My first ever video game console was a Sega Mega Drive. Every Friday, Saturday and Sunday, I would be allowed a couple of hours in front of the screen, playing such games as Echo the Dolphin, the ridiculously-hard Batman and, Alex Kidd in the Enchanted Castle. The latter was a title that would stick with me for many years to come.

I would sit and wonder exactly how I could beat the computer when it came to the ‘boss battles’, where you would engage in a Jankenpon face-off, better-known as ‘Rock, Paper, Scissors’ in the Western world. Eventually, I’d pick up on the formula and be able to make it quite deep into the adventure. I don’t however, ever remember getting all the way to the end. Damn those days when a save file wasn’t an option!

So, when I saw that Alex Kidd would be making a comeback in a remastered and updated version of his classic adventure, I was excited, to say the very least. Whilst this wasn’t the video game I remembered from my childhood, the similarities were very apparent from the jump.

There are the same items and objects, such as the iconic power bracelet that lets you slice through enemies from afar, as well as the helicopter which you must navigate through tight spaces if you wish to remain its pilot, as well as levels taking place both on land and underwater. These elements deliver a hit of nostalgia unlike most others I’ve enjoyed from the world of video games.

What’s instantly impressive of course, is the stunning visual upgrade. The work that’s gone into elevating the art throughout the title doesn’t go unnoticed. Those who have delivered this gorgeous remaster were clearly extremely passionate about making it as pleasing to the eye as possible. If you’re a purist however, there’s also the option to go back to the classic visuals.

Having never personally played the original version of Miracle World, I can’t comment on my own experience with the new levels that have come to the game. A quick browse of the net show that for those who did enjoy the classic, the additions are a mixed bag. Some are near-carbon copies of levels already included, whilst others are a pleasant surprise, it would seem.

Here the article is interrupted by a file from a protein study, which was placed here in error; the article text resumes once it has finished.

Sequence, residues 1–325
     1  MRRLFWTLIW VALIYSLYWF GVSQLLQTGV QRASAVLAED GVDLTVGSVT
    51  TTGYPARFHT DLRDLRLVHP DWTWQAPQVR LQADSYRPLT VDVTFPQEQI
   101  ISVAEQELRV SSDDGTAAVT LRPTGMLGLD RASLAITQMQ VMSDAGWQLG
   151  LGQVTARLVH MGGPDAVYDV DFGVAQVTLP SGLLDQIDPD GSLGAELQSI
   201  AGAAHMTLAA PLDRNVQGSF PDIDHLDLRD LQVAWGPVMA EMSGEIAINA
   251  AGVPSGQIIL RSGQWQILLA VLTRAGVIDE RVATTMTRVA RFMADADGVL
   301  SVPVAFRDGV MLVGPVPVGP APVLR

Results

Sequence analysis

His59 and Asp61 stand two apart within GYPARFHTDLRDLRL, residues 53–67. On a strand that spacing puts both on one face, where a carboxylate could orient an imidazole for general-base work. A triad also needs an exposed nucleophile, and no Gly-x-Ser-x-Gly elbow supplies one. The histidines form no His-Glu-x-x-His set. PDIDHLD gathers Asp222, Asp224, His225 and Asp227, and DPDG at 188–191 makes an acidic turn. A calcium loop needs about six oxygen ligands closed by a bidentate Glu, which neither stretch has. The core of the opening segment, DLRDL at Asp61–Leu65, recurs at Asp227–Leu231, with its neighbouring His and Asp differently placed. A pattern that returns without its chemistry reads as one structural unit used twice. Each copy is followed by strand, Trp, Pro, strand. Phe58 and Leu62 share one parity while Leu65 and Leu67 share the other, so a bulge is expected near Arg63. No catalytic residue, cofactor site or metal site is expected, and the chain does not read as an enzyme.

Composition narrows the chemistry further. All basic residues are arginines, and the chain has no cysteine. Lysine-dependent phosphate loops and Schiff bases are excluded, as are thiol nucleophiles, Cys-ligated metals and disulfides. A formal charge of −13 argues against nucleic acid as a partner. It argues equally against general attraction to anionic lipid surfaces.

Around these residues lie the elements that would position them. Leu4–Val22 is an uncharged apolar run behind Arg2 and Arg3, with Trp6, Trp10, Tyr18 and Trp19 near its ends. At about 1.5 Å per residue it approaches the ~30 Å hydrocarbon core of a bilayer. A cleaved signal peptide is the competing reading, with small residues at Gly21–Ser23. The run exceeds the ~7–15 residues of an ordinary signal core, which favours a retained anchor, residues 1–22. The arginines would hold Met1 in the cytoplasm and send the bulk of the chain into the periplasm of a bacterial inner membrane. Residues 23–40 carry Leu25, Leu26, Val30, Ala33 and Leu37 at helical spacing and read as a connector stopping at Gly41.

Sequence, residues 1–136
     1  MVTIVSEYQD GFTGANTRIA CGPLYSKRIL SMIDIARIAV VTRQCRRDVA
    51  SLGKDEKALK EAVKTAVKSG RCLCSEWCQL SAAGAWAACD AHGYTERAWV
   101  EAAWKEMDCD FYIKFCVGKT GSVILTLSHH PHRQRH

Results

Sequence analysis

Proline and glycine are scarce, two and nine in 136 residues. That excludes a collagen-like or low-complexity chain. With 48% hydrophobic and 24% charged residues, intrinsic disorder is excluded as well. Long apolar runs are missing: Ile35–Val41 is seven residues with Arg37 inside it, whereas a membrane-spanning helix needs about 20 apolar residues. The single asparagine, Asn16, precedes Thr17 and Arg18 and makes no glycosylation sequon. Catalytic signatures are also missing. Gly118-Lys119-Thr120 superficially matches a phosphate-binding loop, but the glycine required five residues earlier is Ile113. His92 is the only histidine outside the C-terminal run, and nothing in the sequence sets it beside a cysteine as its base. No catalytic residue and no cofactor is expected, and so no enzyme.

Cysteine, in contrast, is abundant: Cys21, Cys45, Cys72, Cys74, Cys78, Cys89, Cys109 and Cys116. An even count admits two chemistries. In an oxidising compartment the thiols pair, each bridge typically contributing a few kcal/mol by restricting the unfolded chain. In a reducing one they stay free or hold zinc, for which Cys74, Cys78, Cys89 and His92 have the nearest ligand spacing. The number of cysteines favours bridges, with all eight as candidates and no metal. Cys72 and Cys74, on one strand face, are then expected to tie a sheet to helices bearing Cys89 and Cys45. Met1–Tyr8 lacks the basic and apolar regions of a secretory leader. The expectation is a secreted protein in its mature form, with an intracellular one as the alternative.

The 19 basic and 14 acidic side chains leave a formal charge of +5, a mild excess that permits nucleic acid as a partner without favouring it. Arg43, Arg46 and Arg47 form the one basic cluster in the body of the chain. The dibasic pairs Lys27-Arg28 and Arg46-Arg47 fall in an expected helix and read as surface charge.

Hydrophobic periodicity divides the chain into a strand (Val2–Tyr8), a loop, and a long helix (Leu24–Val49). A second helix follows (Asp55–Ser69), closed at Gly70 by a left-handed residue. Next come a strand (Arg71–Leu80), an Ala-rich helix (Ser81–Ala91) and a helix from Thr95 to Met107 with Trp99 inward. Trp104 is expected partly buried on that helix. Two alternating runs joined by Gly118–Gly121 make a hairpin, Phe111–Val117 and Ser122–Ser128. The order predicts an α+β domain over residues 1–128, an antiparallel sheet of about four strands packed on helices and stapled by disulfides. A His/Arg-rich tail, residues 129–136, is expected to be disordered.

As for the gameplay, though? Not everybody’s impressed. The problems that plagued the original release aren’t only included once more, but there are now even more gameplay elements which had me scratching my head. It’s easy to miss out on a game-changing item for example, simply because of making one mistake that you’d be hard-pressed to see anybody NOT make on 99% of their runs through.

When it comes to the boss fights, they’re just not very exciting. The thrill of playing Jankenpon remains but, once you’ve beaten your enemy in that game, you’ll actually go up against them in a fight which is quite frankly, a bit boring.

There was a point in time that Alex Kidd was considered the guy to go up against Nintendo’s Mario, but those days have gone. Unfortunately, he can’t really compete. Recent Nintendo games that have been brought back from the dusty shelves for a remaster or re-release far exceed the quality of this one, and it’s a real shame. The Kidd deserves better.

Alex Kidd in Miracle World DX is available now on Xbox One, PlayStation 4, PC and Nintendo Switch. A code for Xbox One was given to Female First in exchange for a fair and honest review.

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